>A Crossroad in Investment: Why Investing in REITs can be Good for Your Portfolio
While the S&P 500 and Nasdaq Composite are repeatedly hitting the news headlines of 2021 by closing at their all-time highs, REITs, a less popular asset class, is recovering at a higher speed from their poor performance in 2020 due to the COVID-19 pandemic. The price ratio (excluding dividend) of S&P US REIT vs S&P 500 is on the verge of an upward trend starting this year. In short, it translates to increased growth in the price of US REITs compared to US equities for this year as US equities are getting pricey. Thus, this fuels the discussion to talk about REITs and presents a deeper analysis of REITs as an asset class in your investment portfolio.
What are REITs? How does its investment nature and structural form make it so competitive?A Real Estate Investment Trust (REIT) is a company that manages, operates, owns and/or finances a wide range of properties in order to earn sustainable rental income and long-term capital growth via property development, merger & acquisition, asset management in the real estate market. The main source of revenue of REITs usually comes from the rental income generated by investing income-producing real estate properties like residential buildings, hotels, warehouses, offices, retail centres, healthcare facilities and the recent booming data centres due to IT advancement, etc. Most listed REITs are subject to certain conditions, like maximum leverage (“Gearing”) ratios and mandatory dividend payouts of distributable income. Therefore, REITs usually deliver a relatively predictable, recurring and higher dividend payout compared to ordinary equities. The contractual nature of rental income provides a relatively stable and conservative income stream for REITs’ investors. At the corporate/trust level, REITs have some tax exemption benefits and thus, deliver most of the profit to shareholders in the form of dividends periodically. Most REITs are publicly traded companies listed at major stock exchanges, for example, NASDAQ, NYSE, SGX, London Stock Exchange, Australian Securities Exchange, HKEX, etc. In term of investment opportunities, there are 3 major reasons to invest in REITs:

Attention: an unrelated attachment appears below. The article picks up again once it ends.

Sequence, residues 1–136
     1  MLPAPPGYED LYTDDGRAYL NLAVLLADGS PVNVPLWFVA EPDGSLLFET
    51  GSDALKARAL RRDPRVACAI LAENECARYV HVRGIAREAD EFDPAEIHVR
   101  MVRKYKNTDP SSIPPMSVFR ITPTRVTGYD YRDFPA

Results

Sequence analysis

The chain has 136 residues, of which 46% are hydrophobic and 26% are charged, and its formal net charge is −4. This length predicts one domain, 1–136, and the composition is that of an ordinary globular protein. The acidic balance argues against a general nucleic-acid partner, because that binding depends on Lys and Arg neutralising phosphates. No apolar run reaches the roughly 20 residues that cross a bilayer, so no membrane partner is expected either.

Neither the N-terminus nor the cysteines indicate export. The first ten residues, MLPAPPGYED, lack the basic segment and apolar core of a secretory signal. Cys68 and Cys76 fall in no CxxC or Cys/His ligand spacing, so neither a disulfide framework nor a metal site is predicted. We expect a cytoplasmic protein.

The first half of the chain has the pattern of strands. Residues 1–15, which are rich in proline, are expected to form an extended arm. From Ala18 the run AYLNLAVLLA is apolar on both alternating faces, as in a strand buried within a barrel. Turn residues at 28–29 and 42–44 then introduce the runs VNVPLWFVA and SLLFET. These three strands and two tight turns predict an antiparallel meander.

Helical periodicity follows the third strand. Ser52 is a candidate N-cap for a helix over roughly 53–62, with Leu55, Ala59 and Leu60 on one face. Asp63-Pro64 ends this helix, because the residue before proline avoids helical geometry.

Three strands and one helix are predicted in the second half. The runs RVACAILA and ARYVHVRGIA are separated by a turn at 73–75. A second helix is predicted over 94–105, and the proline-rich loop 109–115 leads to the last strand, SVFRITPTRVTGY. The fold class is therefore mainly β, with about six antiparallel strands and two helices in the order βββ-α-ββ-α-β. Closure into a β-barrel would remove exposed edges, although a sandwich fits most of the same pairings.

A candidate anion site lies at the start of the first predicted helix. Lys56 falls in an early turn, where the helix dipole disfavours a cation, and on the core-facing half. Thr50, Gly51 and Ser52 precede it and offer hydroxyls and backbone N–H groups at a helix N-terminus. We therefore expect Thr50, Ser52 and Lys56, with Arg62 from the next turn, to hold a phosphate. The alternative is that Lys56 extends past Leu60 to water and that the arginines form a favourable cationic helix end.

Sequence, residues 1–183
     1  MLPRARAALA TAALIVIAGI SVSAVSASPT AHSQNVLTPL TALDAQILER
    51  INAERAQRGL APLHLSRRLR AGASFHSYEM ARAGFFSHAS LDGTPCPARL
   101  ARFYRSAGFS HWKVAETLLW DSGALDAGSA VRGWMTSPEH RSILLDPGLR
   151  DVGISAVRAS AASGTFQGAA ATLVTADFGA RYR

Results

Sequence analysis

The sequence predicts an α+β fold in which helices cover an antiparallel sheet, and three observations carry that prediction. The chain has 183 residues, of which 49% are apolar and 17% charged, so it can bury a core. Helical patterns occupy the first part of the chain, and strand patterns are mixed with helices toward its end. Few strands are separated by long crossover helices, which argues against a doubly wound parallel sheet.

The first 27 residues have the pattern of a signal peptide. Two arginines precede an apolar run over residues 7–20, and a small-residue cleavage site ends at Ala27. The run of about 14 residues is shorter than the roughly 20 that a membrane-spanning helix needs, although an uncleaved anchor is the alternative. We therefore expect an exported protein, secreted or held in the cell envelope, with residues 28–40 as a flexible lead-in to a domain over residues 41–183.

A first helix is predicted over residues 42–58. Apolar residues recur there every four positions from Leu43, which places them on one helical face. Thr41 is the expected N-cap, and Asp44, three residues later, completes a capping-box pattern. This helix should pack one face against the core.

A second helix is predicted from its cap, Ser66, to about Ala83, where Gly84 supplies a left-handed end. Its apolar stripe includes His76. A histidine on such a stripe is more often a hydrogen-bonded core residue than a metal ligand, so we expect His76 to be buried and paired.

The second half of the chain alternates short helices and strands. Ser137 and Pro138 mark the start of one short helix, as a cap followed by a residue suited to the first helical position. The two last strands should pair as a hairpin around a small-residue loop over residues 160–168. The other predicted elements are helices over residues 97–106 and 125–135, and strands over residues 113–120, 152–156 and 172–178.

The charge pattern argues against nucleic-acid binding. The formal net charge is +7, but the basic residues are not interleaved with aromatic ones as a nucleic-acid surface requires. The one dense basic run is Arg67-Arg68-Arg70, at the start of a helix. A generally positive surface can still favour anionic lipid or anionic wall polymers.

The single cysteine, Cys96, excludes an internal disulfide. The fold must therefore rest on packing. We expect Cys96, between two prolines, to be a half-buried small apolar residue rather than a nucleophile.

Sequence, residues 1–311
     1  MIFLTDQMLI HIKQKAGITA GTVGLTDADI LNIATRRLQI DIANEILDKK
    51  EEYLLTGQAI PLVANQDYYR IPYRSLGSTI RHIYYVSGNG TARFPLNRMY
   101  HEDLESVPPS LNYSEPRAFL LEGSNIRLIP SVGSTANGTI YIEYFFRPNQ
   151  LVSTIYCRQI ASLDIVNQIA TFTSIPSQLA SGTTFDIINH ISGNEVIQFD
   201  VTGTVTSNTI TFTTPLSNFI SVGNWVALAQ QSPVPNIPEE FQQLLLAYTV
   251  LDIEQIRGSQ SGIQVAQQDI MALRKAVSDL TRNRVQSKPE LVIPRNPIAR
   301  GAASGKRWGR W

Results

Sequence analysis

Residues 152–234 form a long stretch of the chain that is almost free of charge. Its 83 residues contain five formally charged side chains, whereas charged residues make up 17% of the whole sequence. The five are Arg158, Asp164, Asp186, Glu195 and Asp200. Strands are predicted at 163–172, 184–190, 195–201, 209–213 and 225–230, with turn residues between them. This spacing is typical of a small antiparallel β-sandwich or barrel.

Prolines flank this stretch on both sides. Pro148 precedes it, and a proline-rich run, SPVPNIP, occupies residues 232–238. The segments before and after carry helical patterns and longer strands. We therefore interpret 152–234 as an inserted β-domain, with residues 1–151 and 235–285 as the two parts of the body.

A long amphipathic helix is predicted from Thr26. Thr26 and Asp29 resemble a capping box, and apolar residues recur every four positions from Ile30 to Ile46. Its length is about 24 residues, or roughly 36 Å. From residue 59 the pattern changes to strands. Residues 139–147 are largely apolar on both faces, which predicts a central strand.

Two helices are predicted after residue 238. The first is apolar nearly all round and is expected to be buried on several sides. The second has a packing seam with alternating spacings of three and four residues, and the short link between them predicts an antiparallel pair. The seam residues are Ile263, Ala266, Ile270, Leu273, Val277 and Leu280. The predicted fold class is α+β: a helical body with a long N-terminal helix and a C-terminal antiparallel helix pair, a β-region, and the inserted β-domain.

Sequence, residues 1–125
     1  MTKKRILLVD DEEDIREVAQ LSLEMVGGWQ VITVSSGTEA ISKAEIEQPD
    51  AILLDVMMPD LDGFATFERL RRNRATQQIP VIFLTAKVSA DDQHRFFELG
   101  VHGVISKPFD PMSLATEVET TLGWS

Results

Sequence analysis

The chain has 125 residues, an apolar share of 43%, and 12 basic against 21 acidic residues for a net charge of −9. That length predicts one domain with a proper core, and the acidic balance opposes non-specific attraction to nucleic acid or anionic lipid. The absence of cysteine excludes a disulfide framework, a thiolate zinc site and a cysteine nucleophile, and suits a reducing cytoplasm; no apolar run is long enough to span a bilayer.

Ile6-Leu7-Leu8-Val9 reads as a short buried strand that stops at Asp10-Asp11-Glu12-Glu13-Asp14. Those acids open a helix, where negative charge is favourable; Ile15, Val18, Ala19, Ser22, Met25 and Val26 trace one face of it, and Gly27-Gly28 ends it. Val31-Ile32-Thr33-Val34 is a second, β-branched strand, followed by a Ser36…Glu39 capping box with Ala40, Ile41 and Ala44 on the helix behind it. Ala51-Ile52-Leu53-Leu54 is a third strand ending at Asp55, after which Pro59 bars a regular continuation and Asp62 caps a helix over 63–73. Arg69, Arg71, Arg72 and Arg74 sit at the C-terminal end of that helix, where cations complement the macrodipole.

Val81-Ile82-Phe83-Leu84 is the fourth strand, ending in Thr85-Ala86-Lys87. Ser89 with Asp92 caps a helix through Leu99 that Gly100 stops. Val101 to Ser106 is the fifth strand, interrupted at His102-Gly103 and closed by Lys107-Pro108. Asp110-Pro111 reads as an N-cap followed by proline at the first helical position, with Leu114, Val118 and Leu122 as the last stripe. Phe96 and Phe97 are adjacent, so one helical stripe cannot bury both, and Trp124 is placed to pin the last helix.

REITs have performed steadily in the last 10 years under this prolonged low-interest-rate environment with the support from generous monetary easing and expansionary fiscal policies around the world. Despite the COVID-19 pandemic that has caused the deepest global economic crisis in nearly a century, REITs have had a decent rebound and net positive returns since the pandemic outbreak. Based on the data collected from S&P Dow Jones Indices, S&P Global REIT is leading in YTD performance compared to global equities and fixed income. The average net total return for S&P Global REIT, S&P Asia Pacific REIT and S&P Singapore REIT is 6% to 9% p.a. for the past 3 to 5 years. Although investment in equities generates higher returns in the long run, we did observe that during certain years like 2012 and 2014, REITs had greatly outperformed the broad equity market.Although REITs had a poor year in 2020 due to the pandemic, it is important to note that REITs have had a great leap and recovery in the year thus far where we are expecting to see a larger scale of reopenings and global economic recovery.Adding REITs to Your Portfolio to Enhance Broader Diversification and Increase the Yield
In addition, REITs have had a low correlation in returns compared to equities (0.42) and bonds (-0.0063). It is good to consider adding REITs to your portfolio for diversification purposes to lower the overall volatility within the portfolio. A diversified portfolio also inherently brings the advantage from the volatility of returns among the asset classes by allowing investors to take profit when necessary, especially when REITs have outperformed the rest.
For yield-seeking investors, it is worth noting that the dividend yield from REITs (3.6% - 7%p.a.) are generally much higher and more consistent than the dividend yield from value stocks (~1.5%p.a.) and the yield from investment-grade bonds (1.3%-3.5%p.a.) in the past 10 years. Additionally, in terms of performance, REITs tend to generate higher total returns compared to global high yield bonds which usually offer investors a high coupon payout (5%-12% p.a.) but underperform in capital growth over time.